US Might be Seeking to Reduce Diplomatic Footprint in Afghanistan and Iraq

US Might be Seeking to Reduce Diplomatic Footprint in Afghanistan and Iraq

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6 Apr 2019

US President Donald Trump’s administration is considering reducing its diplomatic footprint in Afghanistan as part of a broader effort to extricate the United States from its costly and deadly 18-year conflict, U.S. officials told Foreign Policy.

The State Department is preparing to cut by half the number of U.S. diplomats posted in Kabul in 2020, according to three U.S. officials familiar with internal deliberations. It may also advance plans to reduce the number of diplomats posted to the U.S. Embassy in Iraq as Washington seeks to reduce its war footing in the Middle East and South Asia to prepare for what it calls an era of “great-power competition” with China and Russia.

The deliberations coincide with U.S. peace talks with the Taliban and assessments on how to withdraw U.S. military forces from Afghanistan.

Once obscure diplomatic outposts, the U.S. embassies in Kabul and Baghdad ballooned into the largest and costliest diplomatic missions in the world following U.S. military interventions. Diplomats comprise only a portion of embassy personnel in both Kabul and Baghdad, which includes officials from other federal agencies, contractors, and security staff.

In February, NPR reported on a leaked internal document from the U.S. Embassy in Kabul that called the outpost too big and urged a “comprehensive review” of its size, though the document did not outline the scale of the proposed cuts.

The embassies in Kabul and Baghdad make up a “disproportionate size” of State’s budget and personnel compared with embassies in other parts of the world. Some diplomats believe it’s time to shift those resources elsewhere.

“We are regularly hearing from Africa that we are outnumbered by the Chinese diplomats working on economic or other issues 4 or 5 to 1,” said a senior State Department official, who spoke on condition of anonymity to Foreign Policy.
“We cannot continue to concentrate all that money in Afghanistan and Iraq.”

It’s a matter of “where can we best deploy our very limited resources to avoid losing further ground to major competitors who are rising at a speed that we can barely comprehend,” the official said.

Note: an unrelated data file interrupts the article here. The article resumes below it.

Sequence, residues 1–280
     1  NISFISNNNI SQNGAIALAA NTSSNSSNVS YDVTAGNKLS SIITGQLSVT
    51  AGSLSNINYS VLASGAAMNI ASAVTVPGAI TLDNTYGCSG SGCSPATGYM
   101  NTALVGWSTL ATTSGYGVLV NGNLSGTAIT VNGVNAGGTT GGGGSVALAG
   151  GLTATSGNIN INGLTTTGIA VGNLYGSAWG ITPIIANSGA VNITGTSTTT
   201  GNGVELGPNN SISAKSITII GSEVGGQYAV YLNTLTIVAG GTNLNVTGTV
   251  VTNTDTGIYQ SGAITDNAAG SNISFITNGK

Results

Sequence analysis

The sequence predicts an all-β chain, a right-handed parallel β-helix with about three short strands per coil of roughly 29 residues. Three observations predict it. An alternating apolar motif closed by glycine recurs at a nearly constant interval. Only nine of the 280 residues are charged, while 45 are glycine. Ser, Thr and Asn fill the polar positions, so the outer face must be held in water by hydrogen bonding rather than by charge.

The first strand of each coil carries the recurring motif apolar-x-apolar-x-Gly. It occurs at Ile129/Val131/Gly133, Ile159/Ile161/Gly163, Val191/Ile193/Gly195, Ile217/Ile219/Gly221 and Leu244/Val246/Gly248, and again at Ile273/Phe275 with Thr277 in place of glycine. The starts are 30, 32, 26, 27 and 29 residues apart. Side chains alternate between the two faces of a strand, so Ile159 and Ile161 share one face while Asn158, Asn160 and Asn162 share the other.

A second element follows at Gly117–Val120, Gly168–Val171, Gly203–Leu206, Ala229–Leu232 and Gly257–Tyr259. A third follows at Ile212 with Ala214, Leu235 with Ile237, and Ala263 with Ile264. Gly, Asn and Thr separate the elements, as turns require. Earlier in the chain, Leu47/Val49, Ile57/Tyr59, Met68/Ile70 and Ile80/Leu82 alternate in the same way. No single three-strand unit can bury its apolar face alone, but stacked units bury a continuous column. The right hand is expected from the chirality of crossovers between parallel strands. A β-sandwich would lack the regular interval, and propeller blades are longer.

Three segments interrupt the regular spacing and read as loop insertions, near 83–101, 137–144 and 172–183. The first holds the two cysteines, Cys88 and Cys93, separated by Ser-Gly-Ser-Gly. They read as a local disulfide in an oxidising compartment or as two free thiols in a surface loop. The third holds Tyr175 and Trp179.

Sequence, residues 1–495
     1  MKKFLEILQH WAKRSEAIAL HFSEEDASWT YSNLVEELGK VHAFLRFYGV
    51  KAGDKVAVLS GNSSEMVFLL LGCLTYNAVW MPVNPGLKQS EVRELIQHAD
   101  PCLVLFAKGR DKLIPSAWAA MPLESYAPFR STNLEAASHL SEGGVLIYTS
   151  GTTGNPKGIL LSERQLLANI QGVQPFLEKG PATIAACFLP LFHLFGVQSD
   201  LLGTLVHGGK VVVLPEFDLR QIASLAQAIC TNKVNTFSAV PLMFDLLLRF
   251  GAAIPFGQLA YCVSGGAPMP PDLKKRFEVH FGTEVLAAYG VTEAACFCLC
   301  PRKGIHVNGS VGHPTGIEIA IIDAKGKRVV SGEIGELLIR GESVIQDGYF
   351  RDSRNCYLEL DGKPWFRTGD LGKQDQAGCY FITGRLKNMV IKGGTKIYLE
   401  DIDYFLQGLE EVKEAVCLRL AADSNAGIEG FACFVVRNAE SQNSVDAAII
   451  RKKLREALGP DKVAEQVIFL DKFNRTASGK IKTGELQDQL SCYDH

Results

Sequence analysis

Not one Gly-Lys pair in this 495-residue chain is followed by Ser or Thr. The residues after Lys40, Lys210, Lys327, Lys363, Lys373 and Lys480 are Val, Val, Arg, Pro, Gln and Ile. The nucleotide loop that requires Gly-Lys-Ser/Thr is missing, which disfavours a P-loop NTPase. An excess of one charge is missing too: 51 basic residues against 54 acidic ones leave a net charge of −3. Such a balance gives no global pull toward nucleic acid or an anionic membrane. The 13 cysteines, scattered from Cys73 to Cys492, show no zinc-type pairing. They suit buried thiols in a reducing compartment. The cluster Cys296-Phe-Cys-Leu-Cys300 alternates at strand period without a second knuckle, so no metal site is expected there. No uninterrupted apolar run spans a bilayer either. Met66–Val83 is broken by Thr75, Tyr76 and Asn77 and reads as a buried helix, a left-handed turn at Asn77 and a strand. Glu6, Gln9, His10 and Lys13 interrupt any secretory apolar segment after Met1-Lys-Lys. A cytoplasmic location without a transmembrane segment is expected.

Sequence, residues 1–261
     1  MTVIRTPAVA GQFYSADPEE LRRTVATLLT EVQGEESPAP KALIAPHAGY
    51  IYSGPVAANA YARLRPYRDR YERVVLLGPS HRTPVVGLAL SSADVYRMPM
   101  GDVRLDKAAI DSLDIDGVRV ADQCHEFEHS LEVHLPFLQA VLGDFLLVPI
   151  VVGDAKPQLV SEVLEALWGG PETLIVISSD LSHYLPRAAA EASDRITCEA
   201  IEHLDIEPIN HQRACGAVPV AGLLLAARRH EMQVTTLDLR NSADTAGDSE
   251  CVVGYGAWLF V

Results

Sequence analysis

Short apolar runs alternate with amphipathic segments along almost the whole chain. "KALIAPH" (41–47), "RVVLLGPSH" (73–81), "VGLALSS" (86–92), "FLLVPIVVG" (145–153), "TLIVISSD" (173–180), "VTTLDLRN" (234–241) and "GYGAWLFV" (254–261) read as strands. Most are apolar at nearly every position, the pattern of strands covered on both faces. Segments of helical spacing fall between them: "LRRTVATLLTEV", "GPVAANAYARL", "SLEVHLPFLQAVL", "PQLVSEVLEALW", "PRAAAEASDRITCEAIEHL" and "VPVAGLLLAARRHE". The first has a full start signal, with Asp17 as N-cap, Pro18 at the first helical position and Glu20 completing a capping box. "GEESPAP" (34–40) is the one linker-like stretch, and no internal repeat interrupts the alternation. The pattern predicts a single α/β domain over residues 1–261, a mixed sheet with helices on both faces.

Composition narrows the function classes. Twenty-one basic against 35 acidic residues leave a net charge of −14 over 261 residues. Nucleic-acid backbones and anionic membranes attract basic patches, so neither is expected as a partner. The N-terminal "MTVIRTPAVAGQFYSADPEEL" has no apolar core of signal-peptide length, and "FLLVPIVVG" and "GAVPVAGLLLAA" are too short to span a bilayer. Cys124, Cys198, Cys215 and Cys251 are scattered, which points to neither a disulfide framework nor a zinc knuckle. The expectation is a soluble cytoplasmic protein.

The plans under consideration envision eliminating only 20 to 30 diplomatic positions this year from Iraq, where the U.S. diplomatic mission includes the embassy in Baghdad and the consulate in Erbil. Up to 30 to 50 percent of the mission to Iraq could be cut in 2020, two of the U.S. officials said, providing details of plans that have been in the works for months.

The embassy in Baghdad has around 16,000 staff, 2,000 of whom are diplomats, according to a New York Times report in February that outlined some of the plans.

The State Department does not publicly discuss precise numbers of personnel at embassies or consulates for security reasons, according to a State Department spokesperson.

“The Department regularly reviews our presence at our overseas missions to reflect changing circumstances and our policy goals. While we do not discuss personnel numbers, our embassies engage in regular reviews to ensure that they are appropriately staffed,” the spokesperson said in an email response to questions on proposed cuts in Afghanistan and Iraq.

“We are not abandoning Iraq and U.S. Embassy Baghdad and our Consulate in Erbil will continue vigorous engagement in Iraq,” the spokesperson said, adding that the embassy “just completed an exercise to ensure adequate and appropriate staffing to carry out our mission in Iraq.”